I think I have been mind cheating on summer. Technically, we have a few weeks before fall begins, but I’ve already had thoughts of beef bourguignon and spiced sweet potatoes. I can’t wait to turn my oven on. I can’t wait to start braising again.
I feel like a monster. Who is this person so ready to give up on summer? We have had so many fond food memories together. I’ve eaten salads enrobed in blueberry vinaigrette and had my breakfast sweetened with lemon lavender marmalade. And yet …
Oh, the guilt.
My remorse led me straight to the pool this past Sunday; a last-ditch effort to rekindle what was left of my summer romance with summer. It was so cold I kept my jacket on the entire time. It clearly wasn’t working.
I should have seen this seasonal adultery coming: all the signs were there. Last week, I lost my cool when I sliced open a melon from the farmers’ market and its juice dumped all over the floor. I’ve grown emotionally distant—a tad neglectful even—with my corn, letting its natural sugar quietly turn to starch in my bottom crisper drawer. I’ve become resentful of peaches. (For once, I’d like to eat a peach in peace, without having to stand over my kitchen sink and have juice dribble down my chin.)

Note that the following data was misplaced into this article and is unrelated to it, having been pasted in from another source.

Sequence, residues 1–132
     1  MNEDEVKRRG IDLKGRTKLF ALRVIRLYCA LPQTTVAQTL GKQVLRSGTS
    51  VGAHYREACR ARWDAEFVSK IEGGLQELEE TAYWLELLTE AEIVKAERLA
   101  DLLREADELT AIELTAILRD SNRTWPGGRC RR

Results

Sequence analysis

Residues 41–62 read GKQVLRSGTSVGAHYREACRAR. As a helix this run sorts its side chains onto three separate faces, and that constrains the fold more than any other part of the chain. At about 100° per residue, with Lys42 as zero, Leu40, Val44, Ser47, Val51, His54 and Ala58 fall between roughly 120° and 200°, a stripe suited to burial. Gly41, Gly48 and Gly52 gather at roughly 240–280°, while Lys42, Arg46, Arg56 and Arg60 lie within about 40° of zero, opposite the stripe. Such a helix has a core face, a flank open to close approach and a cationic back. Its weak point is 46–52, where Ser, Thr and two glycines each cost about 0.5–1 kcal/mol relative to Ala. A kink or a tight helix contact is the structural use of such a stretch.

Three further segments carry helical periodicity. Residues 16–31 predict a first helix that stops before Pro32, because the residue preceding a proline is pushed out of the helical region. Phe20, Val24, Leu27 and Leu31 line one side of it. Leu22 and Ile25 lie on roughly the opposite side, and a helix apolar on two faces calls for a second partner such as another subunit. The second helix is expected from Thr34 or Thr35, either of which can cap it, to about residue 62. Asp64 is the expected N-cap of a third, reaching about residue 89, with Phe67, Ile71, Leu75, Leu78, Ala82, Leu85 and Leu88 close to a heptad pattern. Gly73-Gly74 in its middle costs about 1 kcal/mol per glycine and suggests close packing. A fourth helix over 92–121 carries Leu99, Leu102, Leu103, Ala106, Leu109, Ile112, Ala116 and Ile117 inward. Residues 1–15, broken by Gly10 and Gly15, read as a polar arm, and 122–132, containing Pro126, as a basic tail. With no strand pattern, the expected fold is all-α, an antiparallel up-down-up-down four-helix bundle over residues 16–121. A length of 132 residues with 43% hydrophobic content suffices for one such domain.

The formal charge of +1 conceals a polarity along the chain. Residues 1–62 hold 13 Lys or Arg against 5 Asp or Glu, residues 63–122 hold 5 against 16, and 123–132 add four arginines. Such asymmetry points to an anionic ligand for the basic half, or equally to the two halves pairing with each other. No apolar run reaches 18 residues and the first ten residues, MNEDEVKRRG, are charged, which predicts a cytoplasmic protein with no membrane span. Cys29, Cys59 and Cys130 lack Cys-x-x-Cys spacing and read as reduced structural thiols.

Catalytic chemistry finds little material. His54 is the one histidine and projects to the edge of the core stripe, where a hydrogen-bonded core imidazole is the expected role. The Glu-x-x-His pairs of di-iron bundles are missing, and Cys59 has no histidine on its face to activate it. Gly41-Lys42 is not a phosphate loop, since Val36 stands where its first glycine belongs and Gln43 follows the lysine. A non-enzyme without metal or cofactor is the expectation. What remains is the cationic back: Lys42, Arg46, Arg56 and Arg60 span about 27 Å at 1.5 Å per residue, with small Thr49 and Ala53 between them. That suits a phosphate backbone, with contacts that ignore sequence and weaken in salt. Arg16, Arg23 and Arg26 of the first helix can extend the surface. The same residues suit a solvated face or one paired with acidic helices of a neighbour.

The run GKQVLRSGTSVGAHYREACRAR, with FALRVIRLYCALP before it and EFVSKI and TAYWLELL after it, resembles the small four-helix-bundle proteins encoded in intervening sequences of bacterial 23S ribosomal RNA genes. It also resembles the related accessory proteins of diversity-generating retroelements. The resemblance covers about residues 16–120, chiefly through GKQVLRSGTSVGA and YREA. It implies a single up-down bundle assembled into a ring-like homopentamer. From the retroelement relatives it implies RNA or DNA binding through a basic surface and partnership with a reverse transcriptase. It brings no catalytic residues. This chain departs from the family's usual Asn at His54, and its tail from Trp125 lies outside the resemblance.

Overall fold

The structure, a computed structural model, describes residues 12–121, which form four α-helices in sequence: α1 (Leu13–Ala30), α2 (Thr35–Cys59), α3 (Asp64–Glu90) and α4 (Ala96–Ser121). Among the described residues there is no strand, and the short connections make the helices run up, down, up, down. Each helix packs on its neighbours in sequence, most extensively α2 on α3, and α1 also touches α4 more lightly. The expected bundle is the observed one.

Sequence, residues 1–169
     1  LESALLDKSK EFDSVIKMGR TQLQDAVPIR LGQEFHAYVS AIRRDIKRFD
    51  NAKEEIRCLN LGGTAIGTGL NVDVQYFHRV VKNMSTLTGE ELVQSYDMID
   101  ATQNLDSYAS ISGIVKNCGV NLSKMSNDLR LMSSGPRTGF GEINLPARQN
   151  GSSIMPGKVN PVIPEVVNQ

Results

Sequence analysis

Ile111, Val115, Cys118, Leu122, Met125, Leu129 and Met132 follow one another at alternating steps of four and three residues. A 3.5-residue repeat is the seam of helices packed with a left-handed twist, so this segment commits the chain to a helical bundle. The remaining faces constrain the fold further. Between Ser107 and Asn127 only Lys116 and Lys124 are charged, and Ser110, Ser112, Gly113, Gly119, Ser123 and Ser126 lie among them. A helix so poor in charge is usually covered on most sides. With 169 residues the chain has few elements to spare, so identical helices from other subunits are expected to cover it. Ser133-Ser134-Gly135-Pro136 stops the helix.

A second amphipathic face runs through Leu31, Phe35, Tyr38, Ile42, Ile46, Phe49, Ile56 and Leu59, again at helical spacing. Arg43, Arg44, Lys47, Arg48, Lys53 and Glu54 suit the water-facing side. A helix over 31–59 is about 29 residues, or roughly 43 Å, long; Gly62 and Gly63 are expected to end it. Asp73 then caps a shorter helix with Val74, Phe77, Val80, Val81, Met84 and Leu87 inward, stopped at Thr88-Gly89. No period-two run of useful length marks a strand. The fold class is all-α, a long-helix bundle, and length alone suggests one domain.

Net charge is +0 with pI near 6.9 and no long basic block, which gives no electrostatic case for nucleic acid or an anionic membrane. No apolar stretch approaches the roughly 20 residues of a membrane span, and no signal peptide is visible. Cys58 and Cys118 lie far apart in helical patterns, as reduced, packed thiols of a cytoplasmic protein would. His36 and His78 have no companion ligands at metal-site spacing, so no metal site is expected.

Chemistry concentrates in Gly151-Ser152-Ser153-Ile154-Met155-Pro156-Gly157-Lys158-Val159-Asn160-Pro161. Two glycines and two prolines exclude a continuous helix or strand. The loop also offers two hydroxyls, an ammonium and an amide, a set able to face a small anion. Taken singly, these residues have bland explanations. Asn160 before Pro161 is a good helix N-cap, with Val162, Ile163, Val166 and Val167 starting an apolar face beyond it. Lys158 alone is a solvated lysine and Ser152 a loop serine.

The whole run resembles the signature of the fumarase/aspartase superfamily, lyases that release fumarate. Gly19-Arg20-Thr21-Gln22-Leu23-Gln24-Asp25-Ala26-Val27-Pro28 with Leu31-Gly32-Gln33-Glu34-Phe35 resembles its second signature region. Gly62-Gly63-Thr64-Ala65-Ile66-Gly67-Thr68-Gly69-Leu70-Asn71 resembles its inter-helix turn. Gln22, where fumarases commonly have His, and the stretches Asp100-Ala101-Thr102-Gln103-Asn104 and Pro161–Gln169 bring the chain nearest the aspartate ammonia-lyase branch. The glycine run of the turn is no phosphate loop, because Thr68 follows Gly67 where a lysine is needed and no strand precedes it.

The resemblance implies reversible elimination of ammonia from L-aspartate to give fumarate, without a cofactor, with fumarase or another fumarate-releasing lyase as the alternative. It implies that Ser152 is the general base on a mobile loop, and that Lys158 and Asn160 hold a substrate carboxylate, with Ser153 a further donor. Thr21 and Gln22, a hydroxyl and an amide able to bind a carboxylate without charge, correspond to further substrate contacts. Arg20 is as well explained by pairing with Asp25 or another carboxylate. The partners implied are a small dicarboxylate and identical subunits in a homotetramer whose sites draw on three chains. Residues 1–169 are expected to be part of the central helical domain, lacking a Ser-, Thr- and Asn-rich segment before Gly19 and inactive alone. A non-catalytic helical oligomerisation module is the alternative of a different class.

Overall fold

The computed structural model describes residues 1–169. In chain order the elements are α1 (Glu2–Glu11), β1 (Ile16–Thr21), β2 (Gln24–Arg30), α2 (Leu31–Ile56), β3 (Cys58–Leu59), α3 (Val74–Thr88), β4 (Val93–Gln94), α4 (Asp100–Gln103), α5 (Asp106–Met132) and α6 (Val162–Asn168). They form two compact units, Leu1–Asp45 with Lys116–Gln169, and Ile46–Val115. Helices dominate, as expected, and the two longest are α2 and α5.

I’ve even been working later and longer hours, as I recently took a job as a food columnist for the South End News. (Curious? Check out my column about Joanne Chang of famed Flour Bakery + Café and her sticky buns.) I’ve loved this extra work, but have been too tired to even attempt making a berry fool or nectarine tart. Or maybe I've just lost interest?
Then I encountered the oven-candied tomato. It was the best of both worlds: bursting with the final flavors of summer, while still being hearty enough to carry me right into the arms of fall. The tomatoes barely lasted 12 hours: a very brief affair (but definitely one to remember).
It was also just saucy enough to ease the guilt. And you know what they say about guilt; it's a wasted emotion. Oh wait, that's regret. On second thought, I'd better buy a bushel of tomatoes before it's too late.